While at Yellowknife Bay, Curiosity collected a drilled rock sample that was later age-dated by using its science instruments in two different ways. The first one has to do with the age of the rock itself: When did this rock first form?
I explained last month that Curiosity used its Sample Analysis at Mars instrument to determine the amount of potassium-40 that had decayed into argon-40 in the rock sample.
This radioactive process has a half-life of 1.25 billion years, so by measuring the amount of argon-40 and assuming that the rock had none at the beginning, we can determine that the age of the rock is the amount of time it would take to create that much argon — in this case, about 4.2 billion years.
The second measurement is a time interval: How long has the rock been exposed at the surface?
Mars lacks a magnetic field to protect the surface from high-energy galactic cosmic rays, which means that all material within six to 10 feet of the surface is bombarded by these cosmic rays.
This bombardment creates isotopes of noble gases such as argon-36 and helium-3, which were not present when the rock formed.
If we know the amount of each isotope in the rocks and how fast they form on Mars, we can determine how long the rock has been at or near the surface.
From the drilled-rock samples taken at Yellowknife Bay, we learned that this 4-billion-year-old rock had only been at or near the surface for about 80 million years. This is a shorter time than scientists had expected.
Looking at close-up images taken by the Mars Hand Lens Imager on the end of Curiosity’s robotic arm, nodules can be seen protruding from the otherwise-flat surface of the mudstone rock, with wind tails formed downwind.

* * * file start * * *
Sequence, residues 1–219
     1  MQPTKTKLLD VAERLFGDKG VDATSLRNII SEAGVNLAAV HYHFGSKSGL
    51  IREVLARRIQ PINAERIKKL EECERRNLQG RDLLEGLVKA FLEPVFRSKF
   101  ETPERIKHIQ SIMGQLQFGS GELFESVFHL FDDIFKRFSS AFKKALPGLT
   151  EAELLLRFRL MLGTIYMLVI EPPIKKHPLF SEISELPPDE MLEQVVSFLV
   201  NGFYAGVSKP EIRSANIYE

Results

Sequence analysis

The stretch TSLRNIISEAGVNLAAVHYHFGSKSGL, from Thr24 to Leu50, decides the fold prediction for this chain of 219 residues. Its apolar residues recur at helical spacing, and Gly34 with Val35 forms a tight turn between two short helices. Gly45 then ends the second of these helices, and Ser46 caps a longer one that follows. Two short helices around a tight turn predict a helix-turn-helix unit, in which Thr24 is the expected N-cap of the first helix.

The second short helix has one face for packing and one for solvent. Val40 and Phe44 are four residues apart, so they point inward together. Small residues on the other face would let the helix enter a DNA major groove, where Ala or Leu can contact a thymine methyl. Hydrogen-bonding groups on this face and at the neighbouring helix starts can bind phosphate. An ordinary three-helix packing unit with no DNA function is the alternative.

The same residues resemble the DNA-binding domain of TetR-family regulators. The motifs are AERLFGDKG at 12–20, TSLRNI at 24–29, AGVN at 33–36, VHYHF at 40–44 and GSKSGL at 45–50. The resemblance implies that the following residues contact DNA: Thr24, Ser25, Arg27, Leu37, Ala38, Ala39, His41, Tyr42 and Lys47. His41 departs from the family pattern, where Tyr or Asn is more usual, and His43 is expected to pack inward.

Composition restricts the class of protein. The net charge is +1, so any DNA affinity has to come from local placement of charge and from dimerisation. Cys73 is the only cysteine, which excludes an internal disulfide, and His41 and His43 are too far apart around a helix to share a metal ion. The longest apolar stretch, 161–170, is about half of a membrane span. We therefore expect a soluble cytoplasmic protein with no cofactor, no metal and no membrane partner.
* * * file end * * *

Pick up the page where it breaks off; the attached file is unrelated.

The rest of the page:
This is evidence that the mechanism that has exposed the rock is wind erosion; the rocks have been sandblasted. The erosion is happening quickly in geological time, and it is likely an ongoing process.
Sequential layers of rocks form the Yellowknife Bay formation. The oldest is called Sheepbed, followed by Gillespie Lake, and finally Point Lake.
The Sheepbed layer is the softest and is more easily eroded than the other two layers. This means that the harder upper layers are being undermined as the Sheepbed layer is being eroded. This creates scarps, and the erosion process is called “scarp retreat” because the process is ongoing.
As the surface erosion continues, rocks of harder material at different depths will be exposed. The shallow rocks will be exposed first, then the deeper rocks. This means that the deeper rocks will be exposed for a shorter period of time.
From the differences in the exposure times of the rocks, we can determine the rate of erosion. The limited data obtained so far indicate that the erosion rate at Yellowknife is about 3 feet per million years.
If our understanding of this erosion process is correct, it may be of great help in finding organic compounds on Mars. Those same galactic cosmic rays that are necessary for creating the noble gases needed to determine surface exposure time can also destroy organic material in a relatively short time.
Curiosity has not found any large organic compounds in any sample it has tested. This may be because the samples never contained any organic material, but that is unlikely.
Because we find organic material in meteorites that hit the Earth, it is likely that organic material has also been delivered to Mars, even if life processes never created it there.
A more likely explanation for the absence of organic material in our samples is that whatever was once there has been destroyed.
Exposure to galactic cosmic rays for 80 million years could have destroyed any organic material in the samples Curiosity tested.
The erosion process tells us where to find a sample that has had minimal surface exposure time and therefore the least likelihood of the organic material having been destroyed. If we follow the direction of the wind until we get to the scarp, the eroded surface at the scarp should be the most freshly exposed material and the best place to search for organics.
Today Curiosity is a long way from Yellowknife Bay, and it is not going to drive back there anytime soon. But the rover team has spotted several other potential sampling sites in images taken from orbit. One of these is at Waypoint 4, and Curiosity should be there in a few weeks.
Marty Scott is the astronomy instructor at Walla Walla University, and also builds telescopes and works with computer simulations. He can be reached at firstname.lastname@example.org.